Here at Yet We Thrive, we often talk about how it’s okay to not be okay. It seems like the world’s hustle and bustle holds no place for grief so it’s easy to feel the pressure to just get over it and be okay. We want people to be aware that sometimes we aren’t okay and that’s okay! But there is a flip side to not being okay and that’s being okay.
My husband does this thing when he doesn’t want to talk about something. Whenever I start a conversation he doesn’t really want to discuss, he does this fake yawn, followed by a “erm… umm… errr…. I don’t know.” And we change the subject. For the first four years in my journey of infertility, each time I brought up the subject of kids, I got the fake yawn. So I learned to shut it down, feelings and all. I stopped trying to communicate where I was emotionally and my desire for children because he just didn’t want to talk about it at the time. And that was terribly horribly bad for me and our marriage.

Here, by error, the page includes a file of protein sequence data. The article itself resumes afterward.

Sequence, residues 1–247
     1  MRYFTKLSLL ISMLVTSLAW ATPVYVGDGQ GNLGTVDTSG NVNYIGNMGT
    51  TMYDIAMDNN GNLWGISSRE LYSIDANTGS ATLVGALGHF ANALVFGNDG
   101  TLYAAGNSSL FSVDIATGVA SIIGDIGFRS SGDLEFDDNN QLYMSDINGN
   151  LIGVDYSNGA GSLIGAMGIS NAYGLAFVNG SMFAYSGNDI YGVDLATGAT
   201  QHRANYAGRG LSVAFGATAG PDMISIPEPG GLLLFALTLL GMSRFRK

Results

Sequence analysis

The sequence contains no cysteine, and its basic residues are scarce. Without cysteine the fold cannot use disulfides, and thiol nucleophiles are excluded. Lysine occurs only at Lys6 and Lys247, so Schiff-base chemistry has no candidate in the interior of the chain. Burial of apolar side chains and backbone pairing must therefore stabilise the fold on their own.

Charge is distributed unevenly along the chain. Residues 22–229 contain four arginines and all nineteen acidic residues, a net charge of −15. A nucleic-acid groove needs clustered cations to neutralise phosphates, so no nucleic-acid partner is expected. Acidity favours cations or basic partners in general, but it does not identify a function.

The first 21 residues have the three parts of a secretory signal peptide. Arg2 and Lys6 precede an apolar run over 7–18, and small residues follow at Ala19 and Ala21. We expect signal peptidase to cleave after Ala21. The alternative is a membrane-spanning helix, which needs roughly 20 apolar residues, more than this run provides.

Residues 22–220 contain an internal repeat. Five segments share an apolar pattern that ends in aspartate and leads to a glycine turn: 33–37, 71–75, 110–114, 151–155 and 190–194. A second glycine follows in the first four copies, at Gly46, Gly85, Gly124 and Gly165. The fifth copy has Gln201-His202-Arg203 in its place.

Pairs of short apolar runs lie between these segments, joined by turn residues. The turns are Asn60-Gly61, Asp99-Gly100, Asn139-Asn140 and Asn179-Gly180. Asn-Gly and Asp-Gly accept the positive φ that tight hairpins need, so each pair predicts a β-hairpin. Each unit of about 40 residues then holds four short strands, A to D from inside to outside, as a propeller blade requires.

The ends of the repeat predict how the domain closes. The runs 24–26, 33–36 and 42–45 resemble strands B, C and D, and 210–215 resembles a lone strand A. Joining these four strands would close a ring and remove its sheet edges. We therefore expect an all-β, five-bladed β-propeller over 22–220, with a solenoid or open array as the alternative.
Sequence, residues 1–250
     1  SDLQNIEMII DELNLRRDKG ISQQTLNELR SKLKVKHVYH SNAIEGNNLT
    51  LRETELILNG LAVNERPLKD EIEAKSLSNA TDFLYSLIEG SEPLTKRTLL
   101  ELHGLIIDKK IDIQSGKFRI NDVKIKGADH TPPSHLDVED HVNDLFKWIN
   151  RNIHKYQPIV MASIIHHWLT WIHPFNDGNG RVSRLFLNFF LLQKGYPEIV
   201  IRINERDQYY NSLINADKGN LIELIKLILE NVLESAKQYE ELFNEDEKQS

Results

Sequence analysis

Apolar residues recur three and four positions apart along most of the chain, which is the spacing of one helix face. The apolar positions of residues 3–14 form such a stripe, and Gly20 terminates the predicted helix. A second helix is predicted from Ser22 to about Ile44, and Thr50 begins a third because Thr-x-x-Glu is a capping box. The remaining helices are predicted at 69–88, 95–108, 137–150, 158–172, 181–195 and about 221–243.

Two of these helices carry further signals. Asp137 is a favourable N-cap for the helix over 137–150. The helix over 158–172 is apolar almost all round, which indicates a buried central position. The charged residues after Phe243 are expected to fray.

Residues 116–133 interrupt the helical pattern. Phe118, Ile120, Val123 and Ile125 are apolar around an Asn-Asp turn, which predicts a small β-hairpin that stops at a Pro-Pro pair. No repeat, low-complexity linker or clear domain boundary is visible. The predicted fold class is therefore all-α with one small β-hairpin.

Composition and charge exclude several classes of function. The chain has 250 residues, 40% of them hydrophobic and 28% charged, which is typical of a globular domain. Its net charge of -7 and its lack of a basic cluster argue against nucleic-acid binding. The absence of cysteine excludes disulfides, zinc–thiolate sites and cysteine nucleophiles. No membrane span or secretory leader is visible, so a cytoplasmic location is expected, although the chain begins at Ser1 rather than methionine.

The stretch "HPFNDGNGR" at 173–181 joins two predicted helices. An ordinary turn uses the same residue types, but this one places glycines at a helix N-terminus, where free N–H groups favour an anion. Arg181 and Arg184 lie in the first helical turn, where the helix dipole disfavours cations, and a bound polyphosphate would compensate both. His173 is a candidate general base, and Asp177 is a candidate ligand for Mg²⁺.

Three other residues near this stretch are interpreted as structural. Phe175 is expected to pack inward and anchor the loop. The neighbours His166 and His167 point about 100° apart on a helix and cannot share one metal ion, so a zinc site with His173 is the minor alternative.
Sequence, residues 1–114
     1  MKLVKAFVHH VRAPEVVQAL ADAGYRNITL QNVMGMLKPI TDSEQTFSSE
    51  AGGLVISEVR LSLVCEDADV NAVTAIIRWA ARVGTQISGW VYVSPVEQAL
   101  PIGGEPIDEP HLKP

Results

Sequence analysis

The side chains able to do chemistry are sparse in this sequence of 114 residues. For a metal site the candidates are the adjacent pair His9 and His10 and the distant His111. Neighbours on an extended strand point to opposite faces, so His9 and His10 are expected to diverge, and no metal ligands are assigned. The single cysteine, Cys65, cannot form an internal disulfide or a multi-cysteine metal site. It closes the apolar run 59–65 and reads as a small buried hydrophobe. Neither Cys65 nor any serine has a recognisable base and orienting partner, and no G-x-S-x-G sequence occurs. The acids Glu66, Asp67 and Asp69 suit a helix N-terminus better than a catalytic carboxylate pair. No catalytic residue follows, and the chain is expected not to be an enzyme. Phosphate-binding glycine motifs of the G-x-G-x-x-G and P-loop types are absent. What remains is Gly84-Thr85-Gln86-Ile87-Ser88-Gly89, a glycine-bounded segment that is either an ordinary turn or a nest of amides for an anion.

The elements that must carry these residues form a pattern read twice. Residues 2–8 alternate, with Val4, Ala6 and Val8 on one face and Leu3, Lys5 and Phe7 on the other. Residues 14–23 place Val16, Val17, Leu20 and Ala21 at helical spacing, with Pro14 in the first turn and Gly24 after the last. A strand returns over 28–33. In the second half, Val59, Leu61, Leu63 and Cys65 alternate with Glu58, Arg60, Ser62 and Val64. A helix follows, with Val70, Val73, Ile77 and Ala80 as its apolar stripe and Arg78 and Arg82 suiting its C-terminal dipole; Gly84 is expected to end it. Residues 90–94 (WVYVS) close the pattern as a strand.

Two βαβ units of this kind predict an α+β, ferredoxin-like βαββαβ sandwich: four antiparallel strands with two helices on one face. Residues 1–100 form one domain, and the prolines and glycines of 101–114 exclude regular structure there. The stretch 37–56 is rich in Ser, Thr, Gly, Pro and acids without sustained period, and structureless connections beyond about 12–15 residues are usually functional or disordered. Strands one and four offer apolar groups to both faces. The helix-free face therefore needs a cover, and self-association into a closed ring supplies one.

A long time ago, a pastor said in a sermon that your waves are your waves. Other people’s waves might look bigger but your waves are big to you and you shouldn’t try to minimize them. That has stuck with me, especially in infertility. There will always be the woman who has done IVF twenty times and failed. There will always be a woman who tried for thirty years unsuccessfully. There will always be a woman who lost a baby to cancer. It taught me not to compare pain because pain is pain. It also taught me to look past the “I’m fine,” facade because at the end of the day, one thing is true.
Nurture – noun
the process of caring for and encouraging the growth or development of someone or something.
As long as I’ve been married, home has been my happy place and doing things to take care of my family is the work that I love… but I’ve always gone back to “I have to do something else because I don’t have kids”. For some reason, nurturing equals kids in my brain as I think it does for lots of other people. It took several years of infertility to even grasp the mentality that just my husband and I are a family. It took years after that to reach the idea that that family, consisting of him, me and the cat, are worthy of nurturing.